You can either pass in these value sets by hand or use the Ultralink Dashboard to manage these value pairs on a per-database basis (this feature is currently in alpha and not yet available to the public).
Scanning guides allow for extremly granular overriding of Ultralink settings on a per-fragment or per-UI element basis. For instance, you might want one set of fragments in a web page to be filtered through a specific Ultralink Database and another set of fragments to be washed through a different one. Check out the Scanning Guides documentation for detail on how to use them.
Once the fragments for a page have been identified (or in the case of the Ultralink Windows app, once a fragment has been created for the targeted UI element), the next thing that happens is a URL is constructed for each fragment. The structure of that URL looks something like this:
|masterPath||The address of the Ultralink Server that will perform the analysis on the fragment.|
|URL Hash||A SHA1 hash of the page URL where the fragment resides.|
|Content Hash||A SHA1 hash based on the actual content of the fragment.|
|Database||(optional)||A postfix identifying the Ultralink Database to wash the fragment through. If not present, it assumes the Mainline Database.|
|The address of the Ultralink Server that will perform the analysis on the fragment.|
|A SHA1 hash of the page URL where the fragment resides.|
|A SHA1 hash based on the actual content of the fragment.|
|A postfix identifying the Ultralink Database to wash the fragment through. If not present, it assumes the Mainline Database.|
The URL Hash and Content Hash uniquely identify (within reason for this use case) this specific fragment inside this specific page. If even one character changes in either the page URL or the fragment content, then their respective hashes will change and it is considered to be a new and distinct fragment. All these parts come together to form a URL that references the results of this specific fragment washed through the specified database.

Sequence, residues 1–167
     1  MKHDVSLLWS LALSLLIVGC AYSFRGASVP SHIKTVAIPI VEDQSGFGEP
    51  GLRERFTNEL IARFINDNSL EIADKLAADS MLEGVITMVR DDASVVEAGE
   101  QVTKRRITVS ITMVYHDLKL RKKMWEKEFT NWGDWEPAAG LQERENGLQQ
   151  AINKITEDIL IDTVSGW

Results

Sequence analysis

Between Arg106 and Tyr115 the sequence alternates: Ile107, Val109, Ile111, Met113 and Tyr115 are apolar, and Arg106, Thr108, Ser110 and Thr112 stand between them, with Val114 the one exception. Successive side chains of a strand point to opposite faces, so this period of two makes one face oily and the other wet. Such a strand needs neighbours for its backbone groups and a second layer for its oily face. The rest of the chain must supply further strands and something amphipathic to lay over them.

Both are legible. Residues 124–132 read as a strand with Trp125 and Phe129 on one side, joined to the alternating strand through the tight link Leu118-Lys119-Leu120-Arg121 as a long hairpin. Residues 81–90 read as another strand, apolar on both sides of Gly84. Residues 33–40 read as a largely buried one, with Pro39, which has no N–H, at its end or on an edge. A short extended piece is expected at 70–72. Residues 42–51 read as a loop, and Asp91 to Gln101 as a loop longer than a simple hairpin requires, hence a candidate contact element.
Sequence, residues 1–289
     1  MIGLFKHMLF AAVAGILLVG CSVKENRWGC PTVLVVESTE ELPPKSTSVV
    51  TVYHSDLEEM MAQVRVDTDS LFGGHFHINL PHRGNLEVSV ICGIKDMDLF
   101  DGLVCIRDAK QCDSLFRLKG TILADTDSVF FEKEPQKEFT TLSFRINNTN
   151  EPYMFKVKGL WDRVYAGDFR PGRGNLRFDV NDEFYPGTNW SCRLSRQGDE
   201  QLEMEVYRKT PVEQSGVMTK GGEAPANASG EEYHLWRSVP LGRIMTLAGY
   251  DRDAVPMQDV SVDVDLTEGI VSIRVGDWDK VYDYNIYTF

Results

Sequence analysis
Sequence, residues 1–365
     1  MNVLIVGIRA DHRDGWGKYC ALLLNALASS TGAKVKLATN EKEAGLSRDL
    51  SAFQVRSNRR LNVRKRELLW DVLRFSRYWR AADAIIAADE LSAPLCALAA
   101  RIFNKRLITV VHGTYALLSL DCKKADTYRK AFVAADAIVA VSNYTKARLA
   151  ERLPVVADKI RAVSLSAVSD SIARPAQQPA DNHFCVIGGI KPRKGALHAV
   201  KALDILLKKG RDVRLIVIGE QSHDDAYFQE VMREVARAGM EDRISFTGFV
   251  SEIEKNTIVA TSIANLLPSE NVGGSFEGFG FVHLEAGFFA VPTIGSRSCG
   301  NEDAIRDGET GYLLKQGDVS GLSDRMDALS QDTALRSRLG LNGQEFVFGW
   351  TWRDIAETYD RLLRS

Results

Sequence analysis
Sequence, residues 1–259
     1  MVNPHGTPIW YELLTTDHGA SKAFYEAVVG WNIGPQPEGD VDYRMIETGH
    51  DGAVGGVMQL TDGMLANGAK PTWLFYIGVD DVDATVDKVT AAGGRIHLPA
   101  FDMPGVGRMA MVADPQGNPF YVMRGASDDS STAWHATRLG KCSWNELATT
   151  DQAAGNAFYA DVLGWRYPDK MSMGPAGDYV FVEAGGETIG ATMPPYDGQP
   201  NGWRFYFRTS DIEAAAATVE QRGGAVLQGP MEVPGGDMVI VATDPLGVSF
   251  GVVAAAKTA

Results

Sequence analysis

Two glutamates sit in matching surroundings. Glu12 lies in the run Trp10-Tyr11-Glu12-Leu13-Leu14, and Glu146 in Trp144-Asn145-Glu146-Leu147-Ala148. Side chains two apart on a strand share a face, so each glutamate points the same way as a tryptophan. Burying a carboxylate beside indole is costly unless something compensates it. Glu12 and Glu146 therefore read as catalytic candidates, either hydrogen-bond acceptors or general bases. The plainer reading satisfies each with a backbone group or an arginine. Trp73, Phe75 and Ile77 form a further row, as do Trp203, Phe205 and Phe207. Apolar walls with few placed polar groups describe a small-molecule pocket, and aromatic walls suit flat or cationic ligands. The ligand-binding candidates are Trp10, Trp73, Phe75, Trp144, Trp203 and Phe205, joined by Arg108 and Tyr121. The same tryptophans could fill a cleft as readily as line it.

By performing a simple HTTP GET on this URL, clients like ultralink.js will recieve one of two kinds of results back. It will either receive a JSON object describing all the Ultralinks from the specified database present in the fragment along with a field called type with a value of hit. Or, it will receive a JSON object with the type field and a value of miss indicating that the Ultralink Server does not currently have the Ultralink result set for that fragment (essentially a cache miss).
In the case of a miss, ultralink.js will perform an HTTP POST to a similar URL on the Ultralink Server (it replaces /fragment/ with /fragmentFilter/) and passes the fragment content up to the Ultralink Server for analysis. The response to that POST command is a new JSON object containing the description of the Ultralinks present in the fragment. After that point, the originally constructed URL will now return that same result set when queried (unless the nostoreSites setting is specified which tells the Ultralink Server to not store the results).
The compact and identifying nature of the above URL format allows for a simple interface to fragment processing and is also condusive to URL level network caching. Ultralink Servers support high-level caching services like CloudFlare in addition to their own built-in result caching system. (Check out our blog post on using CloudFlare as a DB Read Cache)
Unless otherwise specified, the fragment content and the Ultralink result set are stored in a per-database cache on the Ultralink Server. This allows the server to return result sets extremely quickly for fragments that it has already seen and allows it to re-calculate old result sets when changes are made to the relevant Ultralink Database. This cache deletes old fragment content and result sets if they have not been accessed in the last 31 days.